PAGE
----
How to change your airtel corporate mobile plan

I have a corporate airtel postpaid mobile connection and the plan was not very cost effective for my usage pattern. However, trying to change the plan by giving a call to their 121 call centre was of no use as the support staff seemed to lack the access to change corporate plans (in fact they didn’t even seem to have proper visibility to my eligible corporate plans). In fact, the phone support told me to visit an airtel relationship centre for a plan change. The website wasn’t of much help either as corporate plans can’t be switched online, and the airtel website is seriously lacking in any kind of details on postpaid corporate plans.

Email was a different story, and their response time is pretty phenomenal with replies coming in within 4-5 hours even on weekends and nights. And this was the route that ultimately got me success. So here go the steps:

  1. Log on to the airtel account management site (if you know your registered email ID, jump to step 3).
  2. Check your email address under the personal information section and update if not active (you can also sign up for an ebill under the bills section).
  3. Send a mail to from your registered email address with the name of the plan you want to switch to, and your mobile number as the subject. In case you are not sure of the plans you can switch to, drop them an email first asking for the available plans. Word of advice: keep your message short, simple and to the point.
  4. You should receive a confirmation mail and voila, you’re done!

If you are curious on the plan I got, it was the Alive Net CUG 375 Combo Plan with 600 minutes of local & STD talktime and 1 GB of 3G data as part of the package. There are similar combo plans available that are tuned for local usage if you are interested, and they are quite economical when compared to your usual subscription of a call plan with a separate data plan.

Chander Pahar: Molehill of a mountain

I came away pretty disappointed with the ambitious project of a film that had worked up a lot of curiosity following its promos. The inexperience of the film crew for such a project was evident from the movie length (2 ½ hours!), editing (particularly action sequences) and cinematography (too many close-ups). As for the Bunyip (incidentally an Australian myth rather than African), it turned out to be more of a ROUS (Rodent Of Unusual Size).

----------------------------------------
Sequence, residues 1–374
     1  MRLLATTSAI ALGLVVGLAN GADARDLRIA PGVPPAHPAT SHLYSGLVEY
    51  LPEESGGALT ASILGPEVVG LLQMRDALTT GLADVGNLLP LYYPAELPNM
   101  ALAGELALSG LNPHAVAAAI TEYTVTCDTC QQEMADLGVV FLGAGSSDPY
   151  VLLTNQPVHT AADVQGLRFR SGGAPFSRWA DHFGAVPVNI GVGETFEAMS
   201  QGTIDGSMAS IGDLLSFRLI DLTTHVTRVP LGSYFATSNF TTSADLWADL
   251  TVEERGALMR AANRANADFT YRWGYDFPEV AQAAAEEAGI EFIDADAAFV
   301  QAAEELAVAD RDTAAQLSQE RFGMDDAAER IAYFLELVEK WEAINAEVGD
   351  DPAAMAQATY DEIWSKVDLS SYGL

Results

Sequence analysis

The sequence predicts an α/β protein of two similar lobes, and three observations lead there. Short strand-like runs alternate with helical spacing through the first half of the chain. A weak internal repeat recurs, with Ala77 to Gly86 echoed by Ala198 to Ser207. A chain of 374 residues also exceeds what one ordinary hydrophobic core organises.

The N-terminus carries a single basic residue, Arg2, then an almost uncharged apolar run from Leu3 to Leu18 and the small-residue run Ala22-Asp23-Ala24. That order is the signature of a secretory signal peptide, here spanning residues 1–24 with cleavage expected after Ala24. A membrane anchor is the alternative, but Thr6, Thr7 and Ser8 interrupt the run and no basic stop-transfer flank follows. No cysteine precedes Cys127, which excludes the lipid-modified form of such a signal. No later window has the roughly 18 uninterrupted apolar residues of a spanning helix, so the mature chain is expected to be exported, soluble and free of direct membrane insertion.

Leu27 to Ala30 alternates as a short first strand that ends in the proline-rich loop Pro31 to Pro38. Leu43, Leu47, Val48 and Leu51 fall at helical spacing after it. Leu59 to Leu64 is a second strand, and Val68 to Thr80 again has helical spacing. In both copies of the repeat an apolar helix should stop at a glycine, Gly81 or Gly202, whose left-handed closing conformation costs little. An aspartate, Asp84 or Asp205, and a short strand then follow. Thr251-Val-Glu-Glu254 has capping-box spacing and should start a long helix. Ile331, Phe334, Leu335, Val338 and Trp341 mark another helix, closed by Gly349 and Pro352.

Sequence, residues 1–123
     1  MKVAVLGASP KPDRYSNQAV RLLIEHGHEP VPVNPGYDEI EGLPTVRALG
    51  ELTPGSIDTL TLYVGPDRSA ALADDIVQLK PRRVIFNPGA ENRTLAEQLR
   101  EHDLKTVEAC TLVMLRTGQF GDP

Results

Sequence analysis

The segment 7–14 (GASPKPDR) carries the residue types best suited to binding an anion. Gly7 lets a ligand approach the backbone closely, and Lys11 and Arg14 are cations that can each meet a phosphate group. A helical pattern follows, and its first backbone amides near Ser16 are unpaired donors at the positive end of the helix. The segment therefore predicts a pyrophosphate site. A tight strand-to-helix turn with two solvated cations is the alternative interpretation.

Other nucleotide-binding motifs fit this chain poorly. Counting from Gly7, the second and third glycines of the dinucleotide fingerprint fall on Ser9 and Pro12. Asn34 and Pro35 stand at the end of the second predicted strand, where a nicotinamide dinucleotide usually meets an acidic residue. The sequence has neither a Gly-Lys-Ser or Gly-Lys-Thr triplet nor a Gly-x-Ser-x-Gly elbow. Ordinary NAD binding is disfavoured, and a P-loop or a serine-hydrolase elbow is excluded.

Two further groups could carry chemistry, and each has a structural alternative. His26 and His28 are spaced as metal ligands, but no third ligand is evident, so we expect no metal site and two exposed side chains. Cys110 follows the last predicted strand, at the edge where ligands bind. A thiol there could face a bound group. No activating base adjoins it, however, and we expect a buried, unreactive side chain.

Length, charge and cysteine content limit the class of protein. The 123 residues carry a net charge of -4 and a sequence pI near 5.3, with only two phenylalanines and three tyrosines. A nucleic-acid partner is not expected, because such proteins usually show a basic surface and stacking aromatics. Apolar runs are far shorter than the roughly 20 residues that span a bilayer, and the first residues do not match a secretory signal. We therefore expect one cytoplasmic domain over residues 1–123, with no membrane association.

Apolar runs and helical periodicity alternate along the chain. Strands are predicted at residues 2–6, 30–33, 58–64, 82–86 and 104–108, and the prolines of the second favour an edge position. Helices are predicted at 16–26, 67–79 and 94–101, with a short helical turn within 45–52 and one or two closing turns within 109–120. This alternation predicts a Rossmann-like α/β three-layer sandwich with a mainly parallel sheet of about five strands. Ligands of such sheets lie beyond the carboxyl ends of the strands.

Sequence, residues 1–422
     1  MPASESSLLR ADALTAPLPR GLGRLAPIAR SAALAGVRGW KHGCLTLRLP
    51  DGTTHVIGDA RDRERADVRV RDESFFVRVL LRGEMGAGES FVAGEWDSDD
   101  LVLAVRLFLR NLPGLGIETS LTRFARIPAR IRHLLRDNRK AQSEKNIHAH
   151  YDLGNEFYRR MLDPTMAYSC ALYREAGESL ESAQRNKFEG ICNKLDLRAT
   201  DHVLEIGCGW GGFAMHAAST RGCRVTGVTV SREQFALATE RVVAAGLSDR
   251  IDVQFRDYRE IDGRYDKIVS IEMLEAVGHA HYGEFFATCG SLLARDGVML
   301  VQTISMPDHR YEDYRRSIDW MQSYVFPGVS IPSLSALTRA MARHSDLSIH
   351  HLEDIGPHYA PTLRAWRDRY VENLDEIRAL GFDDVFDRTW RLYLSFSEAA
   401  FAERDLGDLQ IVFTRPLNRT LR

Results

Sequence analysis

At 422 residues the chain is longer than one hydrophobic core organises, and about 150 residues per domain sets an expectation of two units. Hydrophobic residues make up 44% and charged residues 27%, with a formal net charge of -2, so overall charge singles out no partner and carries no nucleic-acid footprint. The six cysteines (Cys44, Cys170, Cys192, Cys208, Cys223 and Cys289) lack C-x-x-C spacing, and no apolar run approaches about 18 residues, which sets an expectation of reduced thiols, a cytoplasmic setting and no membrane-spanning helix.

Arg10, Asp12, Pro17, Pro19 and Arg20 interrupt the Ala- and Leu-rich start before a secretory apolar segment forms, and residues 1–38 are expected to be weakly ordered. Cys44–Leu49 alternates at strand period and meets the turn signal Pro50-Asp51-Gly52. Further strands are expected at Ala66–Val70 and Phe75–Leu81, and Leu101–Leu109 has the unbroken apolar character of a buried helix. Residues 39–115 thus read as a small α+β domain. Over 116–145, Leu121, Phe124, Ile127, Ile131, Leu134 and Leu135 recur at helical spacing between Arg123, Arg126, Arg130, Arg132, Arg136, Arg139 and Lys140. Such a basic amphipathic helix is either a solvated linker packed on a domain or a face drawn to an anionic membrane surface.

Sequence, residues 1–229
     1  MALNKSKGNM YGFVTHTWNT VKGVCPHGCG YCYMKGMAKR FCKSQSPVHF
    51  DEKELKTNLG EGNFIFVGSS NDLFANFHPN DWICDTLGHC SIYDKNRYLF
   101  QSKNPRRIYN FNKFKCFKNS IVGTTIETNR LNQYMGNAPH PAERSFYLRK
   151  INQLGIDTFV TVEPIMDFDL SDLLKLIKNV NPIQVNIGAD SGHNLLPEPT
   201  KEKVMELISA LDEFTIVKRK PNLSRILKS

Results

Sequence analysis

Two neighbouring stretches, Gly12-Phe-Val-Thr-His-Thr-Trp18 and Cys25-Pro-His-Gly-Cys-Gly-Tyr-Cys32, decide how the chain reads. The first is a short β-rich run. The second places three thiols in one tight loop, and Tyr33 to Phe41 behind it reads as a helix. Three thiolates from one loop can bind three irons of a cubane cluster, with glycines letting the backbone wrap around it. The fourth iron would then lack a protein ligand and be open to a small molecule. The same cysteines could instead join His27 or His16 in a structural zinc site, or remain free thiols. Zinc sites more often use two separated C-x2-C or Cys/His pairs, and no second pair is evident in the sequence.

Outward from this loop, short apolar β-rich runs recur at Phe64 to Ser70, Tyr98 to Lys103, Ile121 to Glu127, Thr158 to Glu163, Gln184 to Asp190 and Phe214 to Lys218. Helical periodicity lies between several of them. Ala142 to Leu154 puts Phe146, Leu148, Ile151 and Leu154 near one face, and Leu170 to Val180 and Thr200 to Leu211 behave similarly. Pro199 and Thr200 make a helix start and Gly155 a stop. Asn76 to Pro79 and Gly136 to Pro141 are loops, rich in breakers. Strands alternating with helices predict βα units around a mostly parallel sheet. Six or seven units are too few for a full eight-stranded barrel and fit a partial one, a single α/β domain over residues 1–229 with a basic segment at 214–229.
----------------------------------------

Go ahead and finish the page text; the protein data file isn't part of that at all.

Better luck next time.

Dhoom 3: Road Rash the movie

For a movie that’s made up holes held together by what passes for slivers of a story, I won’t bother digging deeper. However, the opening chase sequence (and most subsequent bike chases) did make me nostalgic for the video game Road Rash. If you have played it, you know what I mean, and if you haven’t here’re a few screenshots to illustrate the point.

With that out of the way, it was quite fun to see the Indian incarnation of Aquafina bottles on the meeting room tables in Chicago (US versions here). Then of course there was the climax which turned out to be a jazzed up Mountain Dew ad. Not really surprising given the starring role it played in the bonding scenes in the amusement park.

Last but not the least – “Et tu Aamir?” Then again, he has done this to help out his brother. So, if you are planning to watch or have watched Dhoom 3, recall Aamir Khan’s advice from 3 Idiots and put a hand on your heart and remind yourself “All is well”…

Krrish vs ScrapIronman and more

I managed to catch 5 movies over the last 3 weeks, and here are my usual views for the lot.

Krrish 3

Not much to say about Krrish 3 other than the fact that if you missed any of the Hollywood superhero movies over the last few years, then you can hope to catch quite a bit from each in the movie. And as a bonus, you get to watch the Indian ScrapIronman in the end. There’s also the fact that Bollywood has caught up with the West in terms of special effects and production values, though some of that money going into the story would have helped. Of course, this isn’t to say that I didn’t enjoy the movie, but just not in the way the film makers may have intended.

Thor 2

Pretty much typical Marvel stuff with the customary Stan Lee cameo, and the usual mid-credit teaser for the next instalment of the Marvel franchise.


This was actually my first Sanjay Leela Bhansali movie (no, I haven’t watched Khamoshi or Hum Dil De Chuke Sanam), and ended up enjoying it (a case of enjoyment being closely related to who you watch it with). Since the story is based on Romeo & Juliet, you know it all ends beforehand, so the entertainment is solely in the journey to the tragic conclusion (which in most cases would seem easy to avoid). Entertainment factor aside, the movie also had interesting depiction of mobile phones (feature phones mostly) in a rural context, including a twitter reference in keeping with the times.

Gori Tere Pyar Mein

I won’t bother trying to comment on the story, but this seems to be a movie made exclusively for an overseas audience. After all, they managed to accurately portray the iPhone model being used – a white 4\4S used in the 2011-12 flashback scenes vs an iPhone 5 used in the present day scenes. Where the film makers take you for a ride is when they try to pass off Mumbai as Bangalore. This is not Mission Impossible where you can still get away showing Kannada signs in Mumbai. To top it off, they first passed off the Mumbai airport as the Bangalore airport in the first half, and then as the Delhi airport in the second half (the Meru Cab did have a DL number plate, but there was also the Tab Cab standing next to it).


I probably enjoyed this movie the most, and it was a throwback to the animated Disney musicals of the past. The Mickey Mouse cartoon before the movie was also quite entertaining. Overall, a fun experience that left me with a nice feeling as most animated movies do.